Keen to pester clients at Dynamic Fitness Training into booking onto local races, the weekend just gone, I competed in the inaugural half marathon race run along the streets of the Capital. Won by Sir Mo Farah, the race began on London Bridge, taking in the sights of Canary Wharf and ultimately finishing at the iconic Cutty Sark. The freezing temperatures of the previous days subsided allowing for what was, in essence, perfect running conditions. Here are some thoughts on the race:
Once again it was a race whereby the organisers had to confirm that it was still taking place in the days leading up to it. This was also the case for my first marathon (Dublin – a hurricane was predicted!), my second marathon (Edinburgh – a severe storm was forecast) and a previous half marathon (North London half – again, freezing weather conditions in March). Last year’s Belgrade marathon had also seen me touch down amidst snow falling so the uncertainty was far from unsettling. In fact, without this doubt, I wouldn’t know what to do with myself!!
As it turned out the conditions were great. A pleasant running temperature and a great atmosphere amongst the runners.
Let me take you back for a second. In 2015 I achieved my fastest Marathon in Edinburgh in May (3:19) and then my fastest half marathon in the September in Nottingham (1:29). Since, I have struggled to build good times, and what’s more, I have not enjoyed the process. An injury late on prevented me competing in Paris and Belgrade last year was my least enjoyable running experience!
I say this, not to put you off, but to explain the importance, for me, of this marathon block. I have read multiple books trying to decipher how I can begin to improve and enjoy the running experience once more. The result: Learn from the very best runners. I consumed books by Dean Karnazes, one of the Greatest Ultra runners of all time, ‘Born to run’ by Christoher McDougall which is a must-read for any runner, and the inspiring story of Emil Zatopek – the only man (and likely to be the only man ever) to have won the 5k, 10k and Marathon at the same Olympic Games. Inspiring, but full of lessons too. The most important being: When training for a marathon the biggest mistake people make is that they do their slow runs too fast and their fast runs too slow. Thus, I have put together a different training regime aimed at utiliing this knowledge. The long runs completed slower and the fast runs completed with more quality. The Big Half was my first test to see how it was working.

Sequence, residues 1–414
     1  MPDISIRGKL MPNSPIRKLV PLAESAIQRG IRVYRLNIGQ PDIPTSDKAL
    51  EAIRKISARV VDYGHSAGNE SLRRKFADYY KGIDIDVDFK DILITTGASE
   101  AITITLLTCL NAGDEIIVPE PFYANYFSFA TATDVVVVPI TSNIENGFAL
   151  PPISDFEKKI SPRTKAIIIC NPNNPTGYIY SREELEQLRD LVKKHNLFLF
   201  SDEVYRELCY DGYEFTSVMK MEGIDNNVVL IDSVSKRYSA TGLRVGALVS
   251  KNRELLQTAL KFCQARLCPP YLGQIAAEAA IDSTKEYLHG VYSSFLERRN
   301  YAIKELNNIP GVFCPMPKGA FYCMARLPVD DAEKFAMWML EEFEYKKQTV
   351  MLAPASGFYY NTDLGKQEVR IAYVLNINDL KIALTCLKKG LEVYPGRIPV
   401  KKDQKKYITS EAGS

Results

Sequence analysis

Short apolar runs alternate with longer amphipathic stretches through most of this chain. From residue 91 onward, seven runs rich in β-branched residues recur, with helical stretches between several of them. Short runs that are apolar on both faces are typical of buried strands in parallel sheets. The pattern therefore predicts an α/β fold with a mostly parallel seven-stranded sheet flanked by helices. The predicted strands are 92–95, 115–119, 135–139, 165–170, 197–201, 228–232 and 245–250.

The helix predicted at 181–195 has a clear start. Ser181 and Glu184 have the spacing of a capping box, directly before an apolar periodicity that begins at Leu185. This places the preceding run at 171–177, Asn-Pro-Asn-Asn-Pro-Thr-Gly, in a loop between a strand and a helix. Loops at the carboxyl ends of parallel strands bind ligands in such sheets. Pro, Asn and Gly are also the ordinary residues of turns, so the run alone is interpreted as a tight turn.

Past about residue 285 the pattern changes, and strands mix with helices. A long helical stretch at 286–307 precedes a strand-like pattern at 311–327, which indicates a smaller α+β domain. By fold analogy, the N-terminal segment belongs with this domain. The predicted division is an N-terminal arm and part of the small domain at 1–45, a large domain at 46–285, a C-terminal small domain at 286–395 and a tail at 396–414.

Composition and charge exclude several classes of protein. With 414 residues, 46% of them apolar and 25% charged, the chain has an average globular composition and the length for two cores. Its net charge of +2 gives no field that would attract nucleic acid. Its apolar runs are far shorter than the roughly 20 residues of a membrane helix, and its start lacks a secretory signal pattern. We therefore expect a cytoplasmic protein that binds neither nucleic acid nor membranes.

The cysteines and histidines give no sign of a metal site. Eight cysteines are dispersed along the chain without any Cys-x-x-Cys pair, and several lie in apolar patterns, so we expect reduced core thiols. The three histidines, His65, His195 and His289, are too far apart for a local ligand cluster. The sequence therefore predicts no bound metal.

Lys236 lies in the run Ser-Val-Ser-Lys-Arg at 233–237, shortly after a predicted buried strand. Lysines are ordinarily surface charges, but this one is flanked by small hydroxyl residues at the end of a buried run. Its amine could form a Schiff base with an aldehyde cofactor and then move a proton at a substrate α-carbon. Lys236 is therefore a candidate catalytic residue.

Completing the race in one hour and 32 mins was pleasing. I felt good throughout and ran reasonably consistent splits. Plus, I was able to take my mind away from physical discomfort which is important. Aleks, my wife, said that she relaxed when she saw me as I seemed relaxed which is a good sign (in Dublin, 2013, I saw her once all race where I ran over and said ‘Painkillers, give me them, I’m (insert swear word)’, so if anyone is to know if I am suffering, it’s her!
Whilst not my fastest race, it is my fastest pre-marathon race. My only faster time was when I was solely training for the half marathon. This gives me a little spring in my step leading into the last 5 weeks of training ahead of the Rotterdam marathon.
For those looking at this race next year, it was well organised. The support along the course was good and the number of runners meant that you never felt isolated either. It’s a pretty flat race with the only challenge being that there were quite a few twists and turns at times. Starting at London Bridge made it very convenient and the start time of 9am meant that it didn’t take a chunk out of the day. It’s a race I’d highly recommend others to try in the future – especially if, like me, you can’t ever seem to crack the London marathon ballot.
For me now, it’s full steam ahead to Rotterdam. One long run left and some high quality speed work. Finger’s crossed, when I sit down to write about that race in April, I am reviewing a new personal best!